There's an old adage that the customer is always right. But that's all it is: a saying.
Many companies live in fear that customers will become angry about something, and then take their business elsewhere. In the age of social media, they might tell 1,000 of their closest friends not to support your business.
Remember when Dave Carroll flew with United Airlines and had his guitar broken? A yearlong customer service battle ensued over the $1,200 in damages. He wrote a song about the ordeal, which went viral on YouTube with over 16 million views. The fight reportedly cost United $180 million, which was ten percent of their Share value.
Carroll's complaint was warranted. Not all customer service inquiries, however, are created equally. Some customers know you're so eager to please that you're willing to do almost anything to keep them around. Some of the more unscrupulous of customers will even take advantage of you.
There are some times that the customers really are wrong. Here are three of them:
1. When It Makes Your Employees Unhappy
There's no reason for one of your staff members to tolerate abuse from anyone, especially a customer. Sometimes, customers don't see eye-to-eye with a staff member. They ask to speak with a manager. They want the staff person reprimanded, or in some kind of trouble.
If you listen to both sides and decide that your employee is right, then you need to side with your staff member. They aren't your servants. Treat them well, and be loyal to your staff. They will be happy working with you, and act loyal in return.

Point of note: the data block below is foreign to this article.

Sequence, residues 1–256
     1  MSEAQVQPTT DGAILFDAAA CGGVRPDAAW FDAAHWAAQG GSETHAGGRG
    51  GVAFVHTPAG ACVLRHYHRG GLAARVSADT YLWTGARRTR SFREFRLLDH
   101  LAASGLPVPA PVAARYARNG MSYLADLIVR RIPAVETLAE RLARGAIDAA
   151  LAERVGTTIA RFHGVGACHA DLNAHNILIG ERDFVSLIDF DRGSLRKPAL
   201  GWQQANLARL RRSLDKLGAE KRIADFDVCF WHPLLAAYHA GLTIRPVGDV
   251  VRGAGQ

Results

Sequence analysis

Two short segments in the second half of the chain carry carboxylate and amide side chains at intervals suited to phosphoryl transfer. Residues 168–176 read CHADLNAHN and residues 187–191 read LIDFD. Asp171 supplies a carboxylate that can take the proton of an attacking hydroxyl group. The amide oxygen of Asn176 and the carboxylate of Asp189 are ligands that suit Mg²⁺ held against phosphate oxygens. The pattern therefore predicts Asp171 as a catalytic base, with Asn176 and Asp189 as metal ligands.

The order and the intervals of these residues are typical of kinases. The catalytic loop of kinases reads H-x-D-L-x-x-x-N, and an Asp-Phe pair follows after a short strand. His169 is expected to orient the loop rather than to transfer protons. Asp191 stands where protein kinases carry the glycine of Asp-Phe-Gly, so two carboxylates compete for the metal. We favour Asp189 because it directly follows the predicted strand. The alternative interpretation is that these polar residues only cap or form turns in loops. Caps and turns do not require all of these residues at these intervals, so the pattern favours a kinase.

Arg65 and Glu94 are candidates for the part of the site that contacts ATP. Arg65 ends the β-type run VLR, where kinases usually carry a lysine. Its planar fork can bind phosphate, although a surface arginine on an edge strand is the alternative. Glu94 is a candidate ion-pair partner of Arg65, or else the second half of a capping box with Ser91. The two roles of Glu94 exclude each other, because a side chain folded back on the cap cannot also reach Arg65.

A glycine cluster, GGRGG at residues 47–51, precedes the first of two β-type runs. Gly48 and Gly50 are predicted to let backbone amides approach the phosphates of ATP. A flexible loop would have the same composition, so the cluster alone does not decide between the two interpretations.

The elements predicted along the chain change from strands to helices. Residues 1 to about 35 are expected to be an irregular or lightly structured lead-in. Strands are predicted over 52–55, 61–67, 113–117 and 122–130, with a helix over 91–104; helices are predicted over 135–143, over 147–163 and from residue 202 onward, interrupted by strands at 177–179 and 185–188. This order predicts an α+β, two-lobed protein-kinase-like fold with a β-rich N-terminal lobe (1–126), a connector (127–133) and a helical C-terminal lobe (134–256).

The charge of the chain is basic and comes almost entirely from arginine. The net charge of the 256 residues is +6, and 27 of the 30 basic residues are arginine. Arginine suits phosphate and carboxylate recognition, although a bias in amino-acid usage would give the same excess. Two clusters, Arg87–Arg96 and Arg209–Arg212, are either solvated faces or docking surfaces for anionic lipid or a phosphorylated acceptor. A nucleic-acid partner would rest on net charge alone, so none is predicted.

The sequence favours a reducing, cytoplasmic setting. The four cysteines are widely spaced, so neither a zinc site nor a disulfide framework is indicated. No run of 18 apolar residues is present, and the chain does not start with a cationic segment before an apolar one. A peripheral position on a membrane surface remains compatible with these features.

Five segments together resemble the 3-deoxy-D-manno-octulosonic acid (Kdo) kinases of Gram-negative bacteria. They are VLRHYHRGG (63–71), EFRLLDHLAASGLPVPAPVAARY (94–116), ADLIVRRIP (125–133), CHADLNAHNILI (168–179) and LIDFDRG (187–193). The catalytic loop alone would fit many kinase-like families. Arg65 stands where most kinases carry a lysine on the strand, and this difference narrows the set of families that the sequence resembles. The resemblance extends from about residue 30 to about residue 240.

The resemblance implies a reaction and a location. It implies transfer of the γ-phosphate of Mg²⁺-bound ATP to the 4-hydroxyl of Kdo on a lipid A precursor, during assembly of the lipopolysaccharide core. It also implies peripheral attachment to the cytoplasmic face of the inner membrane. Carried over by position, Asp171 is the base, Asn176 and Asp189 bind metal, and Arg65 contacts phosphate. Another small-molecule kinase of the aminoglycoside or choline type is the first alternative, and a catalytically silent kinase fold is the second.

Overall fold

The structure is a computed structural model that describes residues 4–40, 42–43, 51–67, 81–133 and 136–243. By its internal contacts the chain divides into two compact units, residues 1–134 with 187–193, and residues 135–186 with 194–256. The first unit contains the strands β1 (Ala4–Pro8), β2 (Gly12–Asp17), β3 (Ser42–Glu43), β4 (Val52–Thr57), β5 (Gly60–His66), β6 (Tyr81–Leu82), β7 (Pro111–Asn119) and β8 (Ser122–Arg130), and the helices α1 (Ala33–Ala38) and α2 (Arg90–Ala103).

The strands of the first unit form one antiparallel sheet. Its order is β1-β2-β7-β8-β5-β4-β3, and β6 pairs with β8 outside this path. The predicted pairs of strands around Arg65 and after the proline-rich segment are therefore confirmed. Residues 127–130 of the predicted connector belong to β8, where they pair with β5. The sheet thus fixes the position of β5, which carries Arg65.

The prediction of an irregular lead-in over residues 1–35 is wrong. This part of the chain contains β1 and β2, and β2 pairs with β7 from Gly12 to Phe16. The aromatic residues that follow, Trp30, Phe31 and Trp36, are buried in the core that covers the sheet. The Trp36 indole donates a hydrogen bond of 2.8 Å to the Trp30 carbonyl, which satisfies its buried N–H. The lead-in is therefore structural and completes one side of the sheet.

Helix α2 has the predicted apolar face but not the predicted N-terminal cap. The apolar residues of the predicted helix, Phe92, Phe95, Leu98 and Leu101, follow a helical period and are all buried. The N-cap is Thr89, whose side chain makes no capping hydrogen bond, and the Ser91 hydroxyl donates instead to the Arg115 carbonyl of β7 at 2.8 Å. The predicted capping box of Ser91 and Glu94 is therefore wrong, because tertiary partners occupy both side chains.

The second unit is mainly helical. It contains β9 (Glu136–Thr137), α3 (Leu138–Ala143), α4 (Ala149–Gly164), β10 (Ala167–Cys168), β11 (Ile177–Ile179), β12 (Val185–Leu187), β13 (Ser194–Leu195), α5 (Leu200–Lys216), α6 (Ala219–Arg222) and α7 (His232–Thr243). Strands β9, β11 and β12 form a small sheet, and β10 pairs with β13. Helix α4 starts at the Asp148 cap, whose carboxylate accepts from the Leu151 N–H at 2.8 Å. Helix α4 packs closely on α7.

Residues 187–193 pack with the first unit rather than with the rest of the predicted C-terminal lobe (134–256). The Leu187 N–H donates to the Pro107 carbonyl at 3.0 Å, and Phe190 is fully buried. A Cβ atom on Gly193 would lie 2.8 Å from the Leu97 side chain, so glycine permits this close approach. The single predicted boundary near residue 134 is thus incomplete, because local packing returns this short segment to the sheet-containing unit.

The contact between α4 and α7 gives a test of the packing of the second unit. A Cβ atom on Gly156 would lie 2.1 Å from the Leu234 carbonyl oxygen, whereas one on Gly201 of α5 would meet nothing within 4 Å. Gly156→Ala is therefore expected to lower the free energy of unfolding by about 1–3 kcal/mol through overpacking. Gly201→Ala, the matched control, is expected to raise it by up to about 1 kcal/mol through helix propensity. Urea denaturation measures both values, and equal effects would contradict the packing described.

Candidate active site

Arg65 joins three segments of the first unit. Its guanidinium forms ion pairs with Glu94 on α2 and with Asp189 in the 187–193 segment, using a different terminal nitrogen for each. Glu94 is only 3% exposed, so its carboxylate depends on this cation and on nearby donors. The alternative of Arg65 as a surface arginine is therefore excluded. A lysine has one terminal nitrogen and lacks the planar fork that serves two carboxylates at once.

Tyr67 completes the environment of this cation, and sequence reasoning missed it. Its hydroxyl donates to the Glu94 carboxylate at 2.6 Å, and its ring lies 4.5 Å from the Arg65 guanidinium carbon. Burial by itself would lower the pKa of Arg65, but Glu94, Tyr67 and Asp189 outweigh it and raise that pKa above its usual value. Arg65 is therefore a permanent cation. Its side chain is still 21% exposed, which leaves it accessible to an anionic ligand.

2. When You're Dealing With Bad Customers
If you're telling a demanding customer that he or she is right, aren't you essentially rewarding bad behavior? Don't give bad customers--ones who are giving your staff unwarranted difficulty--more attention than they deserve.
3. When It's More Trouble Than It's Worth
Every customer isn't valuable--there are some that we can certainly live without. Like the customers who are headaches for your company, for example. The ones who won't lead to any more referrals or sales, and who give your staff trouble time and again.
They simply aren't worth the stress. After all, time is money. Write them off, and focus your energy on the customers that deserve your services.
There are, of course, times when the customer is right. Times when you make mistakes. Times when you need to compensate them for a poor experience, or some other reason. But customers are people too, and they can be wrong.
How are you treating your customers?